Community pharmacies seek urgent cash injection to stay afloat
Half their turnover is being run at a loss and they are suffering supply problems with the rest of their drugs trade, one pharmacist warned.
Community pharmacies in Northern Ireland need an urgent government cash injection to stabilise their finances, a chemist said.
Half their turnover is being run at a loss and they are suffering supply problems with the rest of their drugs trade, one pharmacist warned
The chief executive of Community Pharmacy NI, Gerard Greene, claimed £20 million underfunding of community pharmacy by the Department of Health had left the industry in a critical state and was placing immense strain on many pharmacists.
I am supporting @compharmacyni in petitioning @healthdpt to address community pharmacy funding problems: many facing huge pressures with some in danger of closing. You can too: https://t.co/ROcsETFC3s pic.twitter.com/YeNAQOUyXY— Paula Bradshaw MLA (@PaulaJaneB) May 18, 2018
He said: “Community pharmacy is a safety net for the health service in the community.
“That safety net is being stretched and tested.”
Up to £30 million has been earmarked for reforming community and hospital services, including mental health and pharmacy, as part of the DUP’s confidence and supply deal with the Conservatives.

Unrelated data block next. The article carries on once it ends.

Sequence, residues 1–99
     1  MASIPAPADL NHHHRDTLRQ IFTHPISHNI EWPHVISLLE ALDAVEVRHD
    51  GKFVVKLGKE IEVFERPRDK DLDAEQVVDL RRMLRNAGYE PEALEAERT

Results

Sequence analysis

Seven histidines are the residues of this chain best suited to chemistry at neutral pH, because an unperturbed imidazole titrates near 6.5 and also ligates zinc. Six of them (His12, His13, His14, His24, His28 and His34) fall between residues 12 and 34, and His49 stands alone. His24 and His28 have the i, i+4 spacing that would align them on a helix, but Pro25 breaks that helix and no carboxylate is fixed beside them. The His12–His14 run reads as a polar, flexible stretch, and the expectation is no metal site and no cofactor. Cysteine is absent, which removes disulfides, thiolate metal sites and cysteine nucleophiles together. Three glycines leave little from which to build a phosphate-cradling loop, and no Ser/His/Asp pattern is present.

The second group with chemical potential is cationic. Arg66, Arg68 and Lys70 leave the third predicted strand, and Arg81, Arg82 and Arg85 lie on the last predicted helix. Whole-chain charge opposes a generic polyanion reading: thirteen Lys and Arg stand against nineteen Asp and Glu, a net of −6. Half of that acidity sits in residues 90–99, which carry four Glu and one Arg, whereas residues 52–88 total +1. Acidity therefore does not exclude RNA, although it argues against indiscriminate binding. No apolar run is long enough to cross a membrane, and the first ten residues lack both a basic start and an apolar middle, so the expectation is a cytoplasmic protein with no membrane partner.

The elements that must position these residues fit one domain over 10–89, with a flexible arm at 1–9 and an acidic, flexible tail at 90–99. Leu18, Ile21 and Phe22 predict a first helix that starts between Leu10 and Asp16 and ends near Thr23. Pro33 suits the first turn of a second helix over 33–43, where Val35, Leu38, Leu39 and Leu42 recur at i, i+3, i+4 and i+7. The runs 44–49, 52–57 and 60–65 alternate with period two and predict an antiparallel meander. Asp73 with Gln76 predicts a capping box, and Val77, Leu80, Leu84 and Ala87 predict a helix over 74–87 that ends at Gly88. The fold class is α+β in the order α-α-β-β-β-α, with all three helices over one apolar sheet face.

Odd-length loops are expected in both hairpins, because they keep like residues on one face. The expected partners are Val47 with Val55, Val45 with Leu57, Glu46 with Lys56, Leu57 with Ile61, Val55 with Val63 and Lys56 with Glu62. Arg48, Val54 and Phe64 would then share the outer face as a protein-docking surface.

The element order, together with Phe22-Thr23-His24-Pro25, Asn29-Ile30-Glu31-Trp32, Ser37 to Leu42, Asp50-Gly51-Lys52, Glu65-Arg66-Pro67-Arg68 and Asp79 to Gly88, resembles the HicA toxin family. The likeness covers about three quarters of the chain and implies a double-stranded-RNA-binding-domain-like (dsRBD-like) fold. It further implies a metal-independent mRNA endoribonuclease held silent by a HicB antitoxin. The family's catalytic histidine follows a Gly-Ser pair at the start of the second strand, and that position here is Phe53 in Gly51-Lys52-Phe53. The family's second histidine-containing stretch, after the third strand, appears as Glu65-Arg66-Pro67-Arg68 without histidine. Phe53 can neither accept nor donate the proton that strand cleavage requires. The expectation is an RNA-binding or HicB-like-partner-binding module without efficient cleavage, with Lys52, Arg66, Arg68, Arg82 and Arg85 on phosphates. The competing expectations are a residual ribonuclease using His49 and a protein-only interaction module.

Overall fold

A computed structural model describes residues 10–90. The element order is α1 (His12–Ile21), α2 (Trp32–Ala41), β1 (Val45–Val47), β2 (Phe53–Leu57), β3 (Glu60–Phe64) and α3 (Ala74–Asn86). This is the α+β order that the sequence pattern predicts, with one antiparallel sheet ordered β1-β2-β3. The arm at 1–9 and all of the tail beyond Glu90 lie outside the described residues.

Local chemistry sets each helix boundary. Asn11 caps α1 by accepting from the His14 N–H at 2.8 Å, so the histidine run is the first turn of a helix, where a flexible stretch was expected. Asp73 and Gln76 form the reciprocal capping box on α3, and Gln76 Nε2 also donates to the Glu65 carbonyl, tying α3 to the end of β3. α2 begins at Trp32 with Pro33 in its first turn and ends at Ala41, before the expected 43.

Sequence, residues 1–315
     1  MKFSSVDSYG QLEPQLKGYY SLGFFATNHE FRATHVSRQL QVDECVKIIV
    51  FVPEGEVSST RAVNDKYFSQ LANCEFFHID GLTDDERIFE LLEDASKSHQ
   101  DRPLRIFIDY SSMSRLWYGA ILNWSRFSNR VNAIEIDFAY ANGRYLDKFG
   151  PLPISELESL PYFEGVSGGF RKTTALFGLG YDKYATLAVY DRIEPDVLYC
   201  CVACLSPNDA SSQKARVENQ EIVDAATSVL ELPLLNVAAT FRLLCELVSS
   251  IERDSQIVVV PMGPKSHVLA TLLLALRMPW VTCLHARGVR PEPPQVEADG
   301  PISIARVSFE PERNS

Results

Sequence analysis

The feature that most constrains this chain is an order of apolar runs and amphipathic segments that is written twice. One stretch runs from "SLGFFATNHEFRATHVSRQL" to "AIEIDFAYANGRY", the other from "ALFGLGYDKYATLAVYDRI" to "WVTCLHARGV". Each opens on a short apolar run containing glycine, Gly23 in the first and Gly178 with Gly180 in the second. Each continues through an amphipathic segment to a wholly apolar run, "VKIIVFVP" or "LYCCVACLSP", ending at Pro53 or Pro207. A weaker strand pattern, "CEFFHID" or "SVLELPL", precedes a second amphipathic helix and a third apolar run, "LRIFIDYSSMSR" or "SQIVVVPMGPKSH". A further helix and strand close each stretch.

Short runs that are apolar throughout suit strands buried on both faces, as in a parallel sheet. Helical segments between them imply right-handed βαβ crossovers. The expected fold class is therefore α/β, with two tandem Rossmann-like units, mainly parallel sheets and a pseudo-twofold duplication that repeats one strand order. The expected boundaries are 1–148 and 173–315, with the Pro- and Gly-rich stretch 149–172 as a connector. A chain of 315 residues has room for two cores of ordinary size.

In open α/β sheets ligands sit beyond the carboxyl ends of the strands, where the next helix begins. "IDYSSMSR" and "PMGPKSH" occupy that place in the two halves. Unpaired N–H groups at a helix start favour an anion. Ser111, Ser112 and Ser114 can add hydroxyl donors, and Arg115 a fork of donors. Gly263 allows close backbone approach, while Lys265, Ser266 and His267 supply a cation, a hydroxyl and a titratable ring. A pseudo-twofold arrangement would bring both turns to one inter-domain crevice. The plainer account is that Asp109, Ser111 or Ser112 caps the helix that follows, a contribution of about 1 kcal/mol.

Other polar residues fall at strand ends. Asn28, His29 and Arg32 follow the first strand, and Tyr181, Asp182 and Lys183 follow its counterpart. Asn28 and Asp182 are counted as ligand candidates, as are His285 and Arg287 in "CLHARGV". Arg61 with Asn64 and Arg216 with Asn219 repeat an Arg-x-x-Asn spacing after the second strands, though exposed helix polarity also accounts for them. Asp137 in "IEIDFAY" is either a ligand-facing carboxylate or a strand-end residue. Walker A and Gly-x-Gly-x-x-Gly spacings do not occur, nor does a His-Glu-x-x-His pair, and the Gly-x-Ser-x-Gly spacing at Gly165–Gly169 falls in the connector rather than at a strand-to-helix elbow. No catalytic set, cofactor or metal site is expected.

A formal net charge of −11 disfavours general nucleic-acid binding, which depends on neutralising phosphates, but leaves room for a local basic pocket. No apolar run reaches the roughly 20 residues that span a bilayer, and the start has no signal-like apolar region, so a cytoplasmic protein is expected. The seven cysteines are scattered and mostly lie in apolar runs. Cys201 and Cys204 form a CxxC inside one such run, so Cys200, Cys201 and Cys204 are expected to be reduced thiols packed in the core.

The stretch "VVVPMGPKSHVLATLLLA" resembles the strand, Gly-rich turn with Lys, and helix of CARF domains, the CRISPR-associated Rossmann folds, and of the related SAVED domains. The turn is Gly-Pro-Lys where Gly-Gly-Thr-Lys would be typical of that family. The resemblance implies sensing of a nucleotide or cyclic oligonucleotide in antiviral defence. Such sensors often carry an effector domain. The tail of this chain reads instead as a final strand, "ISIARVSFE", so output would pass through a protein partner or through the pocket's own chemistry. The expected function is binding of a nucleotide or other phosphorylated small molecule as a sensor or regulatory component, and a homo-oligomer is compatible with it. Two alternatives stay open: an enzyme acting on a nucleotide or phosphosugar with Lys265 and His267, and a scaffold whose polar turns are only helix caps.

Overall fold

Pharmacies dispense £400 million of medicines every year.
Half is branded medicines, which have been sold at a loss for the last six years – they are costing more than the Government is reimbursing them for the drugs, Mr Greene said.
He added: “It is just indicative of the shortfall in the funding, the minus figures have become really pressing.”
The other £200 million involves generic medicines and prices have “sky rocketed” in the past six months, Mr Greene added, while official funding has reduced.
Cross-Party health group calls for urgent support for Community Pharmacy https://t.co/IKLRHdMrrE— CPNI (@compharmacyni) May 1, 2018
He said: “In many cases pharmacists are struggling to meet the supply which they need for the prescriptions for patients, cannot get the drugs from wholesalers, cannot get the drugs from suppliers simply because of availability problems.
“But when they do come in, the prices are much higher than what the drug tariff is paying.”
Afterwards, they subsequently receive a concessionary payment.
The health spokesmen of the main political parties in Northern Ireland have highlighted the problems with community pharmacy in a letter to the permanent secretary of the Department of Health, Richard Pengelly.
Mr Greene said pharmacies were ideally placed to do more in the community, preventing ill-health and managing care.
“Patients on a day-by-day basis are finding it increasingly difficult to get into GPs’ clinics.
“They are finding it difficult to get an appointment and so-forth.
“Where the community pharmacy can do more to alleviate pressure on GP services, it makes patient interaction with the health service much better.”